Columbus Symphony concert Sunday a community gift

Josh Aerie is a careful Christmas shopper for the 300 to 400 people on his list.

Naturally, he wants his selections to be fresh, creative and heartwarming. And that is the gift that he and the Columbus Symphony Orchestra are giving the community at the mostly volunteer ensemble’s free, annual yuletide concert “A CSO Holiday” at 3:30 p.m. Sunday at The Commons, 300 Washington St. in downtown Columbus.

Most years, the gathering has attracted 300 to 400 people, which represent the dearest music lovers on Aerie’s “list.”

“I love the process of preparing holiday music,” said Aerie, the orchestra’s conductor and music director. “It’s a joy in part because one can look ahead to the concert and know that the audience so appreciates it all and so enjoys hearing that music.

“But I also make a point of programming holiday concerts in a creative and eclectic way, especially for the holidays. I kind of take it as a challenge to ask myself, ‘What new, innovative and creative pieces can we work into the program?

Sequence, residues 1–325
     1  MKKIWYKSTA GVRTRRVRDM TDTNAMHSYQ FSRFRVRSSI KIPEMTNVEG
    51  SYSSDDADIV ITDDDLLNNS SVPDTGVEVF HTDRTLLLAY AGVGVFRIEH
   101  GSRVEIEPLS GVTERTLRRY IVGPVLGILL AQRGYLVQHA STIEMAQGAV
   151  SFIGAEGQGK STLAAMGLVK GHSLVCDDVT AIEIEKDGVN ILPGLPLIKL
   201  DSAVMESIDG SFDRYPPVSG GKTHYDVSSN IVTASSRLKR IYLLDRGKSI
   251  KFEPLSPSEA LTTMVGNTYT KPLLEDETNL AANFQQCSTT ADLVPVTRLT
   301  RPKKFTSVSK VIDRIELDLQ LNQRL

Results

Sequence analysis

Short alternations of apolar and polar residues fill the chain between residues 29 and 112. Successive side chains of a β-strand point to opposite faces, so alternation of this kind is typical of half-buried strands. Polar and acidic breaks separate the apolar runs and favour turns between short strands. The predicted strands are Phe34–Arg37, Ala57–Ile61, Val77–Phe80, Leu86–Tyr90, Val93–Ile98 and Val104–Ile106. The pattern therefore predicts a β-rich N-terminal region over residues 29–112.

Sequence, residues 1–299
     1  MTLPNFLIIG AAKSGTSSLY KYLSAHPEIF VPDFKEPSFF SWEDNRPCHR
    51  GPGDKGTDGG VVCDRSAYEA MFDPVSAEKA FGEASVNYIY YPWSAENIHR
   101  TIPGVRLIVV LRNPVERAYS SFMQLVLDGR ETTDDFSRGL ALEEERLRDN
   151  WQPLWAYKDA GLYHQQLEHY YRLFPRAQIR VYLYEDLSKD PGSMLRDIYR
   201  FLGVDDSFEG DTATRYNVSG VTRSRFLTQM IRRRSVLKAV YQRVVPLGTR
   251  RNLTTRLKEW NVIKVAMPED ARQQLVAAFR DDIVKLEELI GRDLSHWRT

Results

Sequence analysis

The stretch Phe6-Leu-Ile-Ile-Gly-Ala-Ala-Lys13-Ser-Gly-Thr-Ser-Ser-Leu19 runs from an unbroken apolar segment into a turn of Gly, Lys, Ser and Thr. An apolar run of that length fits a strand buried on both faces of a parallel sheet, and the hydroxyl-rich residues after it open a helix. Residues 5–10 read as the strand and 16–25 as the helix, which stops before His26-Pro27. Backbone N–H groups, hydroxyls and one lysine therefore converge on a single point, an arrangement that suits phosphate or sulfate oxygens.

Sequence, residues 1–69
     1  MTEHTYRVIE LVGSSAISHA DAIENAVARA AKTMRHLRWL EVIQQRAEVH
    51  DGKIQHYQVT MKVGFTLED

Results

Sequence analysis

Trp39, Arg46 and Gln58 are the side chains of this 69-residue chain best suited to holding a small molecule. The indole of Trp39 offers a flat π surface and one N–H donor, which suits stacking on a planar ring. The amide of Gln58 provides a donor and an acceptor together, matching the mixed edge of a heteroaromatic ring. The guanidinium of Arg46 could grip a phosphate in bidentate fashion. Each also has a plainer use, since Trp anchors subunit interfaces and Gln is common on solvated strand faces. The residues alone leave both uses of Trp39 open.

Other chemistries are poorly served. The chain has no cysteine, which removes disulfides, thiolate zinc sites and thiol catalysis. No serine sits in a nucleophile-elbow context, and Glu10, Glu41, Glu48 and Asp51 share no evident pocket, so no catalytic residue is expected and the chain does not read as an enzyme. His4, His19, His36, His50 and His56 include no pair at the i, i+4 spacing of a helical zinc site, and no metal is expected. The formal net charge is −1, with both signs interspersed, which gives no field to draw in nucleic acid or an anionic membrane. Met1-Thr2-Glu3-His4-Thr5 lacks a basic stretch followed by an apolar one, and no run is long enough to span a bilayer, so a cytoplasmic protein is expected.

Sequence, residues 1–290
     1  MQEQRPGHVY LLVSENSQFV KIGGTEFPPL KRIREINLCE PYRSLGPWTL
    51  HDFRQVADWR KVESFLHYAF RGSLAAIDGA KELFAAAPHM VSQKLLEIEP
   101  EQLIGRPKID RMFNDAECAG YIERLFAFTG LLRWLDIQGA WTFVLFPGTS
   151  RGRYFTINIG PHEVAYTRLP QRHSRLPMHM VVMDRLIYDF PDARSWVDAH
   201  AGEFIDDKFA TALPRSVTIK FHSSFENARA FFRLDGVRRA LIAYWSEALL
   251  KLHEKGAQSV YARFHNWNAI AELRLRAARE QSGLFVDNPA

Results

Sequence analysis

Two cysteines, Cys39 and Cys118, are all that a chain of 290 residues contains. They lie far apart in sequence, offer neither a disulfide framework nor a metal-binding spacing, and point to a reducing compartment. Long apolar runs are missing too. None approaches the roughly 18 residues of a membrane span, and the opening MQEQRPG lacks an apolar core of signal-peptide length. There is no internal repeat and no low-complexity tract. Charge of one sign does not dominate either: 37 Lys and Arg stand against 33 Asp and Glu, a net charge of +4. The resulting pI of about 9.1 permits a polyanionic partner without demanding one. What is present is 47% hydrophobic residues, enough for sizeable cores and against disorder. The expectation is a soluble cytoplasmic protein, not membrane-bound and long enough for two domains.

“And I want a balance between fun and recognizable holiday pieces and some like the (strings-only) Josef Suk meditation on the old Czech chorale ‘St. Wenceslas.’”

As part of the orchestra’s centennial season, the program, like every one through June, will include some of the ensemble members’ requested pieces that have been done through the years.

On tap are Leroy Anderson’s “Sleigh Ride” and “A Christmas Festival,” and also “Tintinnabulations,” a special orchestral arrangement of “Jingle Bells.”

“That one’s a lot of fun,” Aerie said. “It has a great, jazzy section in the middle and is a really rousing, audience pleaser, and is always a favorite.”

The concert’s centerpiece work will be Felix Mendelssohn’s Symphony No. 5 “Reformation,” which has been a favorite of many orchestra members since Aerie’s first season in 2015. The piece includes the well-known hymn “Now Thank We All Our God” in the fourth movement.

“So that even fits into the Thanksgiving season, which we have just passed,” Aerie said.

Violinist Laura Andrews loves that work, which she first performed with a solo with an orchestra in high school.

“Mendelssohn’s one of my favorite composers, because of his violin concerto,” Andrews said. “I fell in love with it then.”

The Andrews Strings Studio students will entertain on The Commons stage at 3 p.m. with pre-concert tunes.

“This” Andrews said, “is definitely the students’ biggest visibility of the year.”